Source: The Guardian
Collected for the Muslim Times by Rafiq A. Tschannen
During the first half of the 20th century, my father abandoned Talmudic school, permanently stopped going to synagogue, and regularly expressed his aversion to rabbis. At this point in my own life, in the early 21st century, I feel in turn a moral obligation to break definitively with tribal Judeocentrism. I am today fully conscious of having never been a genuinely secular Jew, understanding that such an imaginary characteristic lacks any specific basis or cultural perspective, and that its existence is based on a hollow and ethnocentric view of the world. Earlier I mistakenly believed that the Yiddish culture of the family I grew up in was the embodiment of Jewish culture. A little later, inspired by Bernard Lazare, Mordechai Anielewicz, Marcel Rayman and Marek Edelman – who all fought antisemitism, nazism and Stalinism without adopting an ethnocentric view – I identified as part of an oppressed and rejected minority. In the company, so to speak, of the socialist leader Léon Blum, the poet Julian Tuwim and many others, I stubbornly remained a Jew who had accepted this identity on account of persecutions and murderers, crimes and their victims.
Now, having painfully become aware that I have undergone an adherence toIsrael, been assimilated by law into a fictitious ethnos of persecutors and their supporters, and have appeared in the world as one of the exclusive club of the elect and their acolytes, I wish to resign and cease considering myself a Jew.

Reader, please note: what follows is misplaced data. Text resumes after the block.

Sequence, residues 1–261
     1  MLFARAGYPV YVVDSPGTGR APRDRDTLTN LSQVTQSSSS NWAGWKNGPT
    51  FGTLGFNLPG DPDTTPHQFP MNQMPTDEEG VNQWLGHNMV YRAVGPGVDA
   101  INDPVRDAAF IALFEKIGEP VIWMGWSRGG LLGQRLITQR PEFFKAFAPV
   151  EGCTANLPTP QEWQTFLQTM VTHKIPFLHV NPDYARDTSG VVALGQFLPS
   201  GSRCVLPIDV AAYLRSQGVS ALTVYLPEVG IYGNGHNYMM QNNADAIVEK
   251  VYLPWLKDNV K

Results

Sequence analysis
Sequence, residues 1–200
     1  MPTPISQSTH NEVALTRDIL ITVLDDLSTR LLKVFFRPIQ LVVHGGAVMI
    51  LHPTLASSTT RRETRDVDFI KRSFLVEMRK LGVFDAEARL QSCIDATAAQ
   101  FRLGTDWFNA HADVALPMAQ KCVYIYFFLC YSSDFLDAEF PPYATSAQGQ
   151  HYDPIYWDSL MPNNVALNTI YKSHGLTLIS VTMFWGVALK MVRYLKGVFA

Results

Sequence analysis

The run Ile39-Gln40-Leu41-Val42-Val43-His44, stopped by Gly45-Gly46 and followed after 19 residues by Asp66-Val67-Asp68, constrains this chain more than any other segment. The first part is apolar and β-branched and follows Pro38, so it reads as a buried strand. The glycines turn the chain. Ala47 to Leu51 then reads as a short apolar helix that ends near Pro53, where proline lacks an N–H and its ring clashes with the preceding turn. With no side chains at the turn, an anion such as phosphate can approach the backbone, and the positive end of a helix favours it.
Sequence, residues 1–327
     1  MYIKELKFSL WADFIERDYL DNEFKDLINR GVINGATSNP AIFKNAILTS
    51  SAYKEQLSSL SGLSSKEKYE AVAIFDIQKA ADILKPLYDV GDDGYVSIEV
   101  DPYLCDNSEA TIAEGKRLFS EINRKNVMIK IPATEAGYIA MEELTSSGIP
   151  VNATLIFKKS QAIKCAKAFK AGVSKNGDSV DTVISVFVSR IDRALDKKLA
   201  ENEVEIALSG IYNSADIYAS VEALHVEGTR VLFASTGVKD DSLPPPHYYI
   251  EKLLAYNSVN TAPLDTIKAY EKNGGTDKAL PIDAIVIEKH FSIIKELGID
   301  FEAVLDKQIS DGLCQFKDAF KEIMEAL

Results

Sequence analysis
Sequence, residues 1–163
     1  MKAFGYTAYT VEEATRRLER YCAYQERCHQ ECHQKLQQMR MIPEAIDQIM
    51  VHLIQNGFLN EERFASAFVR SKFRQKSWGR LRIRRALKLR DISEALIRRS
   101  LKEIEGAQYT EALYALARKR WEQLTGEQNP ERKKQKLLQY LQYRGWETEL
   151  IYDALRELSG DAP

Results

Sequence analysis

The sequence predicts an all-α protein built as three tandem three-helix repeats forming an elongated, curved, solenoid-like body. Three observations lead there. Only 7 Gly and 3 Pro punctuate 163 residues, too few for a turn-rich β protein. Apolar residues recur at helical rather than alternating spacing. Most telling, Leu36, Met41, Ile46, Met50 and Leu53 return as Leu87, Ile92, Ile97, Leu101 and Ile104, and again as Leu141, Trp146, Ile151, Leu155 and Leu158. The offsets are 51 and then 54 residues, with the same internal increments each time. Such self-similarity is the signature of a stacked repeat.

Although the state of Israel is not disposed to transform my official nationality from “Jew” to “Israeli”, I dare to hope that kindly philosemites, committed Zionists and exalted anti-Zionists, all of them so often nourished on essentialist conceptions, will respect my desire and cease to catalogue me as a Jew. As a matter of fact, what they think matters little to me, and still less what the remaining antisemitic idiots think. In the light of the historic tragedies of the 20th century, I am determined no longer to be a small minority in an exclusive club that others have neither the possibility nor the qualifications to join.
By my refusal to be a Jew, I represent a species in the course of disappearing. I know that by insisting that only my historical past was Jewish, while my everyday present (for better or worse) is Israeli, and finally that my future and that of my children (at least the future I wish for) must be guided by universal, open and generous principles, I run counter to the dominant fashion, which is oriented towards ethnocentrism.
As a historian of the modern age, I put forward the hypothesis that the cultural distance between my great-grandson and me will be as great or greater than that separating me from my own great-grandfather. All the better! I have the misfortune of living now among too many people who believe their descendants will resemble them in all respects, because for them peoples are eternal – a fortiori a race-people such as the Jews.